Officially, Israel-Palestinian talks don’t expire until end of this month, and the US is still mediating. But Israeli Foreign Minister Avigdor Lieberman signaled that political will has run dry, telling a Jerusalem Post conference in New York he’d rather call new elections than make the concessions necessary to extend negotiations.
Though many in Israel and the US worry that a third Palestinian uprising is going to erupt in the wake of talks ending – conjuring up the outbreak of the Al Aqsa Intifada just months after the breakdown of the Camp David talks in 2000 – Palestinians and Israelis on the ground believe this is unlikely.
Part of the reason is that Palestinians still remember the last uprising, and are loathe to return to the chaos and hardship it brought. At the same time, the current round of negotiations never truly inflated expectations among Palestinians that they were on the cusp of statehood.
"They already had no hope in the outcome. I walk around Nablus, Ramallah and Jerusalem, and I don’t see people walking around crying or saying it’s the end of the world," says Bashar Azzeh, a Palestinian businessman and youth activist. "There will be no more Israeli tanks in Ramallah. We’re not taking the violent approach any more. People are frustrated and tired."
A recent report by the Palestinian Center for Policy and Survey Research in Ramallah backed up that sentiment, suggesting that Palestinians are opposed to an armed uprising against Israel by a 53 percent to 43 percent margin in the case of the failure of talks.
Khalil Shikaki, who runs the Ramallah polling center told a conference in January that the sentiment opposing a return to violence has held steady since 2005, when Palestinian President Mahmoud Abbas came into office stressing non-violent negotiations and rejecting the armed uprising of the early 2000s.
In addition to the public being opposed to a return to violence, Mr. Abbas' Palestinian security services are also believed to oppose such a move. The same forces did not stand in the way of rioting back in 2000, but over the last decade the forces have been overhauled into a more professional and disciplined outfit that cooperates closely with Israel to root out militants in the West Bank.
"They have been doing this for a number of years," said Shlomo Brom, a former Israeli military strategic planner who is now a fellow at the Institute for Strategic Studies, a Tel Aviv University think tank. "The Palestinian security forces will not let it happen. They learned the lesson of the second intifada, and they know [armed uprising] will cause the Palestinian interests only harm."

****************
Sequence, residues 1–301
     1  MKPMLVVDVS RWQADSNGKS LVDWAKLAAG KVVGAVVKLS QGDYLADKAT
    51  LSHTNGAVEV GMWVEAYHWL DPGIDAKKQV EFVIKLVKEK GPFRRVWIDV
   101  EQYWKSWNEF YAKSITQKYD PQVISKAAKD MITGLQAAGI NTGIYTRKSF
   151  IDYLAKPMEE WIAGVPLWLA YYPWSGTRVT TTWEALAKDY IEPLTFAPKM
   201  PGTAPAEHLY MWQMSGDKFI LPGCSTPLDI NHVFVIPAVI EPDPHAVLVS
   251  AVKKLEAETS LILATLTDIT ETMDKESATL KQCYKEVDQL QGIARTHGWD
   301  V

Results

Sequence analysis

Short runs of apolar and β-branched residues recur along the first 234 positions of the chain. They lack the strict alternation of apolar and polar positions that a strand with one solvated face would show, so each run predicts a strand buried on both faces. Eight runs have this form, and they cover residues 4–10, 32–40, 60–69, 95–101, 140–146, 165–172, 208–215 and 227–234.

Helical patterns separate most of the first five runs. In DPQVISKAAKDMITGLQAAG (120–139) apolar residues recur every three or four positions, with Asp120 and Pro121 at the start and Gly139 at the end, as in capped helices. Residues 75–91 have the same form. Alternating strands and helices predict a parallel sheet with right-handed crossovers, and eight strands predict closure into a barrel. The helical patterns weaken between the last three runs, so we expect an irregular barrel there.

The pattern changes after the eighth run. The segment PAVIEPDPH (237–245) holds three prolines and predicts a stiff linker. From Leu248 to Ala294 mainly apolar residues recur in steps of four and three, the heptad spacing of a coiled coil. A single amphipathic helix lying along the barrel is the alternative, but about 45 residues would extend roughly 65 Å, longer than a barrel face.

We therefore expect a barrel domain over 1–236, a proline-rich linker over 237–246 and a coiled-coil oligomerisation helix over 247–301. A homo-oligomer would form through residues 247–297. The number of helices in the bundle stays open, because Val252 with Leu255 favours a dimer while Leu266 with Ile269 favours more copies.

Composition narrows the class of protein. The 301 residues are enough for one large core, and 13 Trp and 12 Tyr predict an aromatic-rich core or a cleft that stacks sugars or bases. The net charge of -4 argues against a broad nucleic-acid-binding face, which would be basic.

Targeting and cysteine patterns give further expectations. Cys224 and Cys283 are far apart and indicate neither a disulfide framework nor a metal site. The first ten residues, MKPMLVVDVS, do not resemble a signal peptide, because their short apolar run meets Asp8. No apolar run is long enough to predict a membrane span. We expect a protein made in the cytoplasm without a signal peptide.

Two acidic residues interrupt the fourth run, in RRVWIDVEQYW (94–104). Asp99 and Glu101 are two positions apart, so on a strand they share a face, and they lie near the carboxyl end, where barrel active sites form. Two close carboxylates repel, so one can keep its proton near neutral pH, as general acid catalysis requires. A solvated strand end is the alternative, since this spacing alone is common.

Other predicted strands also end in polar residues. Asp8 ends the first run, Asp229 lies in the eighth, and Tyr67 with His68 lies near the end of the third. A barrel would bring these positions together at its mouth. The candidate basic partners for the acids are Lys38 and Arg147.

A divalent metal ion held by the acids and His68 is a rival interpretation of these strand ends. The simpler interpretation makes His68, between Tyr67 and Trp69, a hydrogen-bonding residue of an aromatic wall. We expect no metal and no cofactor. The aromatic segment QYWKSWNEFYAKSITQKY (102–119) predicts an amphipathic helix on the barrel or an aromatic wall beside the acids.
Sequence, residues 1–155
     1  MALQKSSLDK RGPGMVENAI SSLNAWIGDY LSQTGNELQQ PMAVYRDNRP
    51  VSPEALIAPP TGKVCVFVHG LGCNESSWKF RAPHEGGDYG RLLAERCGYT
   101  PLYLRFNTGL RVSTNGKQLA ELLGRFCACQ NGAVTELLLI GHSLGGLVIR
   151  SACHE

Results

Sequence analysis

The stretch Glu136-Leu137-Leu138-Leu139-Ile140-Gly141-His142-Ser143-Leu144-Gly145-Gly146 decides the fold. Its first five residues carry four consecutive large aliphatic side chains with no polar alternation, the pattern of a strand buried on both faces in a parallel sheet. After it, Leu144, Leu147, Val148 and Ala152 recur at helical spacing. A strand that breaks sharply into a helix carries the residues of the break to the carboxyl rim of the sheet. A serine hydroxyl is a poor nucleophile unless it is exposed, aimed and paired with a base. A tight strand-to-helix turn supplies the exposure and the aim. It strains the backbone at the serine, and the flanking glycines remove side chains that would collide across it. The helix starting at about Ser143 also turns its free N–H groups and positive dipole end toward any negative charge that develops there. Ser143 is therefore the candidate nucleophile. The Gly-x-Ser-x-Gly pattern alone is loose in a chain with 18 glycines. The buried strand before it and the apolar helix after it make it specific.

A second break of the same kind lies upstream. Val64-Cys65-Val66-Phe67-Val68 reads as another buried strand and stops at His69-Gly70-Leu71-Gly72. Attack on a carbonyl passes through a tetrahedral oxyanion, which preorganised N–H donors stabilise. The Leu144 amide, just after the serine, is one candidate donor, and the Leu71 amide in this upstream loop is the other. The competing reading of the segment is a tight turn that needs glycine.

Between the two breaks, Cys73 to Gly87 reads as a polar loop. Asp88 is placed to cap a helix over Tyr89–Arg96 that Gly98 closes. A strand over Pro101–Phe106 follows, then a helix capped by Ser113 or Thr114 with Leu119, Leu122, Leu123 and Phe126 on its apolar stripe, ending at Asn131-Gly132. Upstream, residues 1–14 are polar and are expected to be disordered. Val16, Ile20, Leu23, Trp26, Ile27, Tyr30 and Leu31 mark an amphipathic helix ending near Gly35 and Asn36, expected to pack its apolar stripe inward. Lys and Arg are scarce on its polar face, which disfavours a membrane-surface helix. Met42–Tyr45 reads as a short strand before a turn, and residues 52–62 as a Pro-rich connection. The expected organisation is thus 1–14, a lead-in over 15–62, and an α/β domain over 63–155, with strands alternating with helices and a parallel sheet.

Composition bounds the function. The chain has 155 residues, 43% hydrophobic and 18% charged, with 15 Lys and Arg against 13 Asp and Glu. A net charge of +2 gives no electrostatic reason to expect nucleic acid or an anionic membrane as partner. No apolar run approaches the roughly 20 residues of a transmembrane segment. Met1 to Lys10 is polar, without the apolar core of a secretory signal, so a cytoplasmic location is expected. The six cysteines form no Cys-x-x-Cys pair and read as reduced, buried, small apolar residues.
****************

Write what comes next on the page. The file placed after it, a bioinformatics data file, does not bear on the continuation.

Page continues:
Similar assessments have been voiced by Israeli intelligence officers about the West Bank.
In this environment, whatever slim hopes there ever were of a peace deal have receded even further. A week ago, Israel baulked at a promised release of Palestinian prisoners that were meant as a confidence building step that had been pushed by US Secretary of State John Kerry. In response, Abbas announced the Palestinians would apply for membership in 15 international conventions - seen by many as a small step closer towards seeking statehood recognition at the UN. And in response to that Mr. Netanyahu said Israel would take further unilateral actions of its own.
In recent years, such steps have included authorization for settlement expansion and the freezing of tax revenue collected by Israel on the Palestinians' behalf.
Mr. Lieberman’s remarks in New York, that Israel should not cave to "Palestinian blackmail" calling for prisoner releases in return for extended negotiations, suggested that the Israeli government is unlikely to find a way to extend the talks.
But there are costs to some unilateral steps the country might pursue. If Israel were to freeze tax transfers to the Palestinians, that could lead to a collapse of the Palesitnian Authority and remove a critical buffer against an outbreak of violence, writes Amos Harel, the military correspondent for Haaretz. "In recent weeks there (have) been signs of a possible military escalation," he wrote, adding that Palestinian control over refugee camps had been slipping.
But Mr. Azzeh contends that Palestinians just want maintain a sense of normalcy – even if that doesn’t mean statehood. Indeed, a similar sense of exhaustion was found at a West Bank cab stand when the topic of the failure of peace talks and the possibility of a new intifada came up. The cab drivers said they were primary concerned with work.
"People just want bread,’’ said Abu Abdullah, a taxi driver from Bethlehem. "They want to live in quiet and peace. The real peace is to sleep."